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DRPS : Course Catalogue : School of Social and Political Science : Social Anthropology

Postgraduate Course: The Anthropology of Food (SCAN11012)

Course Outline
SchoolSchool of Social and Political Science CollegeCollege of Arts, Humanities and Social Sciences
Credit level (Normal year taken)SCQF Level 11 (Postgraduate) AvailabilityAvailable to all students
SCQF Credits20 ECTS Credits10
SummaryIn this course, we will trace the circulation of food across various contexts, from the migrations of undocumented farm workers to the crafting of artisanal raw-milk cheese. Along the way, we will explore three key concepts. The first is practice: How do people consume and produce food, and how do these acts reflect and remake communities and identity? The second is political economy: how do people manage the production and distribution of food as they also construct systems of inequality? The third is health: how is it that in a time of food plenty, people still go hungry? What are the links between food and medicine, health, and disease? We will look for answers to these and other questions through readings about the historical and contemporary social lives of sugar, tea, coffee, fruit, cheese, and junk food. The readings situate questions of practice, place, and political economy within anthropological theories of identity, colonialism and kinship, but they engage also broader questions about labour, globalisation, and hunger.
Course description Weekly topics:

Week 1 Introduction
Week 2 Food/Kinship/Nation
Week 3 Food/Gender/Desire
Week 4 Political Economy: Commodities/Empire/Globalisation
Week 5 Food/Poverty/Race
Week 6 Ethical Eating? Fair Trade/Organic/Local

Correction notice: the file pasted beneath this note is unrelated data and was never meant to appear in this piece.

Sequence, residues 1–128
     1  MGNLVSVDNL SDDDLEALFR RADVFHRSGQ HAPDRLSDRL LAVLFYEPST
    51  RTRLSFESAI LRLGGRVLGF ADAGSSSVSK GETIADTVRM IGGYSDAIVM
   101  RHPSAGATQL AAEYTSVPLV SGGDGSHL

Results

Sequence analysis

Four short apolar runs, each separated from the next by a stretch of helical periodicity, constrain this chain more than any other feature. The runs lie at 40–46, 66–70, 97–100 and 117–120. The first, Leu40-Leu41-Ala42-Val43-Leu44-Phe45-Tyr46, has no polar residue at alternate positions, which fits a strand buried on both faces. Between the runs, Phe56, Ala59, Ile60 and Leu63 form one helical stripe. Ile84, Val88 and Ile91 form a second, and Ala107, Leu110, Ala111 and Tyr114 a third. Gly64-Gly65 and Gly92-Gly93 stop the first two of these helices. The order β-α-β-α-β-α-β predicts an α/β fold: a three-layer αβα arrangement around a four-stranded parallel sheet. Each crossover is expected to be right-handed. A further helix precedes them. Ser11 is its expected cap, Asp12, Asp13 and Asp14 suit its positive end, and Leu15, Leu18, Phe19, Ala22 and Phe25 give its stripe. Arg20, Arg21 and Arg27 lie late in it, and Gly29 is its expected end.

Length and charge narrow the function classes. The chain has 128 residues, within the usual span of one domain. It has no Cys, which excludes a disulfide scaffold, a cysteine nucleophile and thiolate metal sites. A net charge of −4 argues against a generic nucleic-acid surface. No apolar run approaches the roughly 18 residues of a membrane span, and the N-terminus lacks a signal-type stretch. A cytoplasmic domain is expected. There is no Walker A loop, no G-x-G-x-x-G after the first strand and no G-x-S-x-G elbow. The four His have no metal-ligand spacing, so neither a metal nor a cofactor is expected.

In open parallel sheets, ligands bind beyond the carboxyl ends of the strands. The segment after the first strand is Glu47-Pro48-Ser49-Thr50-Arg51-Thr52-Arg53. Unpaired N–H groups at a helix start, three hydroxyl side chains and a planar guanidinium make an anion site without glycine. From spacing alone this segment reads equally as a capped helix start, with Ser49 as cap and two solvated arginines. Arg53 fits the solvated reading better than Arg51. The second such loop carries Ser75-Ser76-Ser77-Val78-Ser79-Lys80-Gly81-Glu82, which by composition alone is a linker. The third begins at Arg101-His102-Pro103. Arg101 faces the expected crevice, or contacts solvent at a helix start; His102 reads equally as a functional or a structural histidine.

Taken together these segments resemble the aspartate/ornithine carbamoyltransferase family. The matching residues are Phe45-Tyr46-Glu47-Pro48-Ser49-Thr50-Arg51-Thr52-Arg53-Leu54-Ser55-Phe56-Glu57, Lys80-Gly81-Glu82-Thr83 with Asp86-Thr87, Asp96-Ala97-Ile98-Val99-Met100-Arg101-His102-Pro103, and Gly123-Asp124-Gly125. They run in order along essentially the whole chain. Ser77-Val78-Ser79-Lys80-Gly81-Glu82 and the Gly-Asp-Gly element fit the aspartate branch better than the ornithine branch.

Week 7 Food/Environment/Ocean
Week 8 Microbes, Pollutants and Food Safety
Week 9 Hunger
Week 10 - Sugar
Entry Requirements (not applicable to Visiting Students)
Pre-requisites Co-requisites
Prohibited Combinations Other requirements None
Information for Visiting Students
High Demand Course? Yes
Course Delivery Information
Not being delivered
Learning Outcomes
On completion of this course, the student will be able to:
  1. Demonstrate specialised knowledge of ethnographic analyses of food production, consumption and exchange, and the historical evolution of the anthropology of food within the broader discipline
  2. Critically evaluate the most influential anthropological analyses of food and its role in social and cultural formation: from Levi-Strauss through to the political economists and political ecologists, to emphases on identity and kinship, and medical anthropology.
  3. Creatively apply ethnographic data to build critical analysis of different theoretical approaches to the anthropology of food.
Reading List
Bestor, Theodore C. (2004) Tsukiji: The Fish Market at the Center of the World, Berkeley, University of California Press.
Counihan, Carole M. (ed) (1999) The Anthropology of Food and Body: Gender, Meaning, and Power, New York, Routledge.
Douglas, Mary (1971) 'Deciphering a meal', in Clifford Geertz (ed), Myth, Symbol and Culture, New York, Norton: 61-81.
Dunn, Elizabeth (2005) 'Standards and person making in East Central Europe', in Aihwa Ong and Stephen Collier (eds), Global Anthropologies: Governmentality, Technology, Ethics, London, Blackwell: 173-193.
Farb, Peter and George Armelagos (1980) Consuming Passions: the Anthropology of Eating, Boston, Houghton Mifflin.
Goody, Jack (1982) Cooking, Cuisine and Class, Cambridge, Cambridge University Press.
Mintz, Sidney (1985) Sweetness and Power: the Place of Sugar in Modern History, Harmondsworth, Penguin.
Ries, Nancy (2009) 'Potato ontology: surviving postsocialism in Russia', Cultural Anthropology 24, 2: 181-212.
Sutton, David e. (2001) Remembrance of Repasts: An Anthropology of Food and Memory, Oxford, Berg.
Additional Information
Graduate Attributes and Skills Not entered
KeywordsNot entered
Course organiserDr Rebecca Marsland
Tel: (0131 6)51 3864
Course secretaryMiss Becky Guthrie
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